All ETDs from UAB

Advisory Committee Chair

Loucrecia Collins

Advisory Committee Members

Tondra Loder-Jackson

Evelyn Nettles

Tonya Perry

Michele Sims

Document Type


Date of Award


Degree Name by School

Doctor of Philosophy (PhD) School of Education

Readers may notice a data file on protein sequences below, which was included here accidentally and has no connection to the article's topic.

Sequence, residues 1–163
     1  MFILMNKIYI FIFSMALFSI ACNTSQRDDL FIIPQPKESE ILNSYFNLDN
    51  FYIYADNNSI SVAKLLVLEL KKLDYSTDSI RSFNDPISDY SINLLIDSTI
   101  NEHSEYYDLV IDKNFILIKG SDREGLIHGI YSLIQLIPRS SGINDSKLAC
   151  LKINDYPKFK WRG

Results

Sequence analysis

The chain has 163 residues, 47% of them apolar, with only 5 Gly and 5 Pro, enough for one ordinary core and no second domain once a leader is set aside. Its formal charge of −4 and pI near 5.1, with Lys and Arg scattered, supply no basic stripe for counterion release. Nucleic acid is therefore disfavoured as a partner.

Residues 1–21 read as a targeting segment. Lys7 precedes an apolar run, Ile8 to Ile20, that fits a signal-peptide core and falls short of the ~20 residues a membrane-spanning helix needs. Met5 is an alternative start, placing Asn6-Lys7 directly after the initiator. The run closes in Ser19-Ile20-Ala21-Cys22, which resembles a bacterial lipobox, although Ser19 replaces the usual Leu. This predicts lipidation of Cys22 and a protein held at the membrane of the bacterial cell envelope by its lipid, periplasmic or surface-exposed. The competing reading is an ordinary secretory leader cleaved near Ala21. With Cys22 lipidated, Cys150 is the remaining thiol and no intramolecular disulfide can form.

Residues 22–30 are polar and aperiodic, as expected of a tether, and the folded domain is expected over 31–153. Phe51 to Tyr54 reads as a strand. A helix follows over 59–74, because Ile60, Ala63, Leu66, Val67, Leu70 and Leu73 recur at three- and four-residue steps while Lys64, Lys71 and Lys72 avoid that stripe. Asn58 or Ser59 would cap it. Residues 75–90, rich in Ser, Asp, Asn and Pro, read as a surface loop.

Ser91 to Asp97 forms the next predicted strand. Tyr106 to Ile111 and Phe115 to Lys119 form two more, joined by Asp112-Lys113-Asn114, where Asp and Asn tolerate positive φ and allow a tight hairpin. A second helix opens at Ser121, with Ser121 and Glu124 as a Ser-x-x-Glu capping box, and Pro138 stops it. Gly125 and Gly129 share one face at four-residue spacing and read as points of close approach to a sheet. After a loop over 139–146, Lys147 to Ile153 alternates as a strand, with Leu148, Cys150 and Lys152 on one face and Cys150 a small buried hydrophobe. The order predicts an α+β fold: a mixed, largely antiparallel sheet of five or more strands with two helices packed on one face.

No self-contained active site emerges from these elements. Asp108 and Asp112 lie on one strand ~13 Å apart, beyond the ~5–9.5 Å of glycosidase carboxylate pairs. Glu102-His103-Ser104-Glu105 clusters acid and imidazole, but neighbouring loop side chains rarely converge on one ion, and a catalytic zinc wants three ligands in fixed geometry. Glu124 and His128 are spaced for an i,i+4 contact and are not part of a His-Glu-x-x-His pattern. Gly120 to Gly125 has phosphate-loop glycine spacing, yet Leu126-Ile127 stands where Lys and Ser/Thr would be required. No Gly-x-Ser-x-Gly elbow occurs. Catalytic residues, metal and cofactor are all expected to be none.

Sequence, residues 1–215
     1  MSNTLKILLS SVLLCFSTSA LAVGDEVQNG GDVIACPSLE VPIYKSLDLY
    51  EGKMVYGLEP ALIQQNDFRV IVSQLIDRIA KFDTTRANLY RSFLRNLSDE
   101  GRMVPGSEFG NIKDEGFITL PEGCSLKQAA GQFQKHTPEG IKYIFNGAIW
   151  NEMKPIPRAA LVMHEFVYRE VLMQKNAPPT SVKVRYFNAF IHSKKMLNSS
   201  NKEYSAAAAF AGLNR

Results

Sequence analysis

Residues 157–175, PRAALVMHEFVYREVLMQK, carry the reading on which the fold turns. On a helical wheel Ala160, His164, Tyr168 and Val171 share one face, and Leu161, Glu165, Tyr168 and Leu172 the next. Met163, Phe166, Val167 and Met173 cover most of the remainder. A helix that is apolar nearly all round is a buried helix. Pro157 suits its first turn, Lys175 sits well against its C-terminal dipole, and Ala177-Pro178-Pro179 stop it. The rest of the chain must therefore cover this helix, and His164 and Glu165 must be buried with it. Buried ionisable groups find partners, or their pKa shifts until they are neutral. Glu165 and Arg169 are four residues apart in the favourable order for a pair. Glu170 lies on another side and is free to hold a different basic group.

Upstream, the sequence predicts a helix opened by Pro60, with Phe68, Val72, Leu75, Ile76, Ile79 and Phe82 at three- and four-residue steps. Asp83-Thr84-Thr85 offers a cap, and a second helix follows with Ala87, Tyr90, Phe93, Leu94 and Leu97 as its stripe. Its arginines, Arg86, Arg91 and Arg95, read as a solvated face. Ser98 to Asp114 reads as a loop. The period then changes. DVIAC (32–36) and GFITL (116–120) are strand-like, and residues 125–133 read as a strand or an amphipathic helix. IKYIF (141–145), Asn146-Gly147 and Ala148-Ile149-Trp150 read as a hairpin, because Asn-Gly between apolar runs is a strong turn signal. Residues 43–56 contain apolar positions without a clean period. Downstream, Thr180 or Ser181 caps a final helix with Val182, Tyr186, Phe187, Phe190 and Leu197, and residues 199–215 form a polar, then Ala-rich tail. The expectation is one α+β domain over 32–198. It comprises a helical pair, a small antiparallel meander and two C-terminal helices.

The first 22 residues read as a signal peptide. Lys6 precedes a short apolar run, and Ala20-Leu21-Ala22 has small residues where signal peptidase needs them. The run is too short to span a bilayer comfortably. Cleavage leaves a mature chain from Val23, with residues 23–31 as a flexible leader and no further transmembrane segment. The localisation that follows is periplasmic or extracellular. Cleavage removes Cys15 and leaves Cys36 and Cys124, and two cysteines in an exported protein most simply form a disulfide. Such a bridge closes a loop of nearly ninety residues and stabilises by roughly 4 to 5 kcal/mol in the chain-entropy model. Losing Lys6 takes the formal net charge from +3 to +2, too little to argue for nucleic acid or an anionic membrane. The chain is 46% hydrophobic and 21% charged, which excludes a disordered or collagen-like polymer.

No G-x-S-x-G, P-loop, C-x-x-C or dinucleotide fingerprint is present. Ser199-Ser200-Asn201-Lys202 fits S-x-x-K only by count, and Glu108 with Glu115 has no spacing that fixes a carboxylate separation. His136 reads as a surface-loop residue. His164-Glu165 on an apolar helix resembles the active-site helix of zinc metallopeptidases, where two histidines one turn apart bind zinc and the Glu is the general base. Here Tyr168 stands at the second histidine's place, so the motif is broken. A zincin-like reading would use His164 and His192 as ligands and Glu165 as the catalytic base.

Abstract The purpose of this phenomenological study was to explore and gain an in-depth understanding of the personal, professional, and sociocultural experiences of African American female school leaders in suburban school districts. These school districts were identified as suburban locations because of low to no student poverty, stellar performances on standardized tests, high graduation and college going rates, and champion academic and athletic team honors. This qualitative study employed a phenomenological design to allow the researcher the opportunity to investigate and gather data through open-ended, face-to-face, one hour interviews with study participants. Three theoretical frameworks--critical race theory, racial identity development theory, and black feminist thought theory--were utilized for this qualitative study. Ten African American female school leaders serving as assistant principals, principals, and central office administrators from four suburban school districts in the southeast region of the United States were involved in this study. Each district was located only miles from a major metropolis. After data analysis, seven themes emerged from the thick, rich descriptions provided through study participants' interviews. The seven themes were (a) race and gender in school leadership, (b) caring for family and self, (c) resilience and spirituality, (d) education and upward mobility, (e) mentoring and networking, (f) effective communication and positive working relationships, and (g) child advocacy and community partnerships. Study participants had a multiplicity of positive and challenging experiences as African American female school leaders. They were resilient and spiritually-grounded which aided them in answering the call to leadership. The study of the lived personal, professional, and sociocultural experiences of African American female suburban school leaders may be helpful to educational researchers and practitioners, colleges and universities, boards of education, school districts, schools, and all African American females who aspire to become school leaders in suburban school districts. By exploring the lives of these school leaders, greater insights may be gained to open the door to this underrepresented population. This research may be valuable for professional development planning and educational leadership programs with the objective of recruiting and retaining more African American female suburban school leaders.

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